Yvette Mimieux, starred in ‘Time Machine,’ ‘Where the Boys Are,’ dies at 80

In 1960’s “The Time Machine,” based on H.G. Wells’ 1895 novel, Mimieux starred opposite Rod Taylor as Weena, a member of the peaceful, blond-haired Eloi people in the year 800,000.

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Actress Yvette Mimieux appears during a portrait session on Aug. 18, 1966. Mimieux, the 1960s film star of “Where the Boys Are,” “The Time Machine” and “Light in the Piazza,” died in her sleep of natural causes on Tuesday.

Actress Yvette Mimieux appears during a portrait session on Aug. 18, 1966. Mimieux, the 1960s film star of “Where the Boys Are,” “The Time Machine” and “Light in the Piazza,” died in her sleep of natural causes on Tuesday.

AP

NEW YORK — Yvette Mimieux, the blond and blue-eyed 1960s film star of “Where the Boys Are,” “The Time Machine” and “Light in the Piazza,” has died. She was 80.

Michelle Bega, a family spokeswoman, said Mimieux died in her sleep of natural causes overnight Monday evening at her home in Los Angeles.

In 1960’s “The Time Machine,” based on H.G. Wells’ 1895 novel, Mimieux starred opposite Rod Taylor as Weena, a member of the peaceful, blond-haired Eloi people in the year 800,000, who don’t realize they’re being bred as food by the underground Morlocks.

That role and others that soon followed made Mimieux one of the ‘60s most radiant starlets. The same year, she also starred in the MGM teen movie “Where the Boys Are” as one of four college students on spring break in Florida. Her character, distraught after being sexual assaulted in a motel, walks despondently into traffic.

“I suppose I had a soulful quality,” she told the Washington Post in 1979. “I was often cast as a wounded person, the ‘sensitive’ role.”

Yvette Carmen Mimieux was born on Jan. 8, 1942, in Los Angeles to a French father and a Mexican mother. She was “discovered” at age 15 when publicist Jim Byron, as he told it, spotted her on bridal path from a helicopter while flying over the Hollywood Hills. She and a friend were riding on horseback; Byron landed in front of them and gave her his card. Mimieux began as a model before MGM signed her in 1959.

“The subtle approach is the thing,” Byron told The AP in 1961. “I think we’ve got another Garbo on our hands.”

And for a few years, Mimieux was ubiquitous. Life magazine put her on the cover with the headline: “Warmly Wistful Starlet.” She made eight films before turning 21.

Actress Yvette Mimieux attends the National Wildlife Federation’s “Voices for Wildlife” Anniversary Gala at the Beverly Wilshire Four Seasons Hotel on June 15, 2011 in Beverly Hills, California.

Actress Yvette Mimieux attends the National Wildlife Federation’s “Voices for Wildlife” Anniversary Gala at the Beverly Wilshire Four Seasons Hotel on June 15, 2011 in Beverly Hills, California.

Getty Images

Mimieux starred in four films in 1962, including Vincent Minnelli’s “The Four Horsemen of the Apocalypse” and Guy Green’s “Light in the Piazza.” In the latter, she played the beautiful, mentally handicapped daughter of Olivia de Havilland. On a trip to Italy, Mimieux’s character Clara is pursued by a young Italian in Florence, played by George Hamilton.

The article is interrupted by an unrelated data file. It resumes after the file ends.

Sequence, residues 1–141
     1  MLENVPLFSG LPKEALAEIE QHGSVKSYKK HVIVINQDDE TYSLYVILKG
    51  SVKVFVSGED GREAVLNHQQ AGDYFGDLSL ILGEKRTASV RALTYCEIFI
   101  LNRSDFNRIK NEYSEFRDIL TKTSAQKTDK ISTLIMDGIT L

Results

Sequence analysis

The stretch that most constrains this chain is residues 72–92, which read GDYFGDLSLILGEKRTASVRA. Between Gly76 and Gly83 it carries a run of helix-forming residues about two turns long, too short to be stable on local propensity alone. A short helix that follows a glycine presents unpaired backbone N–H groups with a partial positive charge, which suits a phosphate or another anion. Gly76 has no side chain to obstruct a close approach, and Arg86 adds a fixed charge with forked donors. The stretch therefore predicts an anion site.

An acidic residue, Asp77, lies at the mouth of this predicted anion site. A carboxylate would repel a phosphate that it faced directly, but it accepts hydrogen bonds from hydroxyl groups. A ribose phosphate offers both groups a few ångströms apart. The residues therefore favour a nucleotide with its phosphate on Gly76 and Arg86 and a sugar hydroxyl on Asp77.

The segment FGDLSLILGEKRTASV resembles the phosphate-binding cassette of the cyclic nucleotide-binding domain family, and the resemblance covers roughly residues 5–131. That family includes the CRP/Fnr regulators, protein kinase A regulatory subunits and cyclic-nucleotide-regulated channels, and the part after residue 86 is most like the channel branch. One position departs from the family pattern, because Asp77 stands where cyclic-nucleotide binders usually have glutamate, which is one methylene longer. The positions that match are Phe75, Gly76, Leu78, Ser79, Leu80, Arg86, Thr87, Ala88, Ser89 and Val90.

Mimieux played a bride in “Toys in the Attic” (1963), an epileptic surfer in “Dr. Kildare” (1964) and a bride in “Joy in the Morning” (1965). She was three times nominated for a Golden Globe, including for her role in the short-lived ABC series “The Most Deadly Game,” from Aaron Spelling. In the ‘70s and ’80s, she increasingly appeared in TV movies, some of which she helped write.

Mimieux co-wrote and co-produced the 1984 CBS TV movie “Obsessive Love,” about a deranged fan obsessed with a soap opera star. Mimieux said she had to battle the network over having a woman, played by herself, in such a role. Her idea stemmed from John Hinckley’s obsession with Jodie Foster, only with the gender roles reversed.

“The network felt people wouldn’t believe me as this woman. They said to me, ‘She’s a loner, and she shouldn’t be attractive,’” Mimieux told The New York Times in 1984. “I asked them, ‘Are you saying that only unattractive people can be crazy or lonely or have unfulfilled lives?’″

Mimieux said television was never the “love affair” she had with film. But she complained about the kinds of roles she was offered, and the one-dimensional type of women that were written. (One of her last notable movies was the 1979 Disney film “The Black Hole.”) So Mimieux retired from show business in her late 40s. Her interests — including archeology, painting and traveling — always went beyond fame. Off-screen, Mimieux was much more than the naïve scarlet she was pigeonholed as.

“I decided I didn’t want to have a totally public life,” she told the Post. “When the fan magazines started wanting to take pictures of me making sandwiches for my husband, I said no.

“You know, there are tribes in Africa who believe that a camera steals a little part of your soul, and in a way I think that’s true about living your private life in public. It takes something away from your relationships, it cheapens them.”

Mimieux first married Evan Harland Engber in 1959 before later divorcing. She was married to the film director Stanley Donen, from 1972 to 1985. In 1986, she married the real estate mogul Howard F. Ruby. She’s survived by Ruby and numerous step children.

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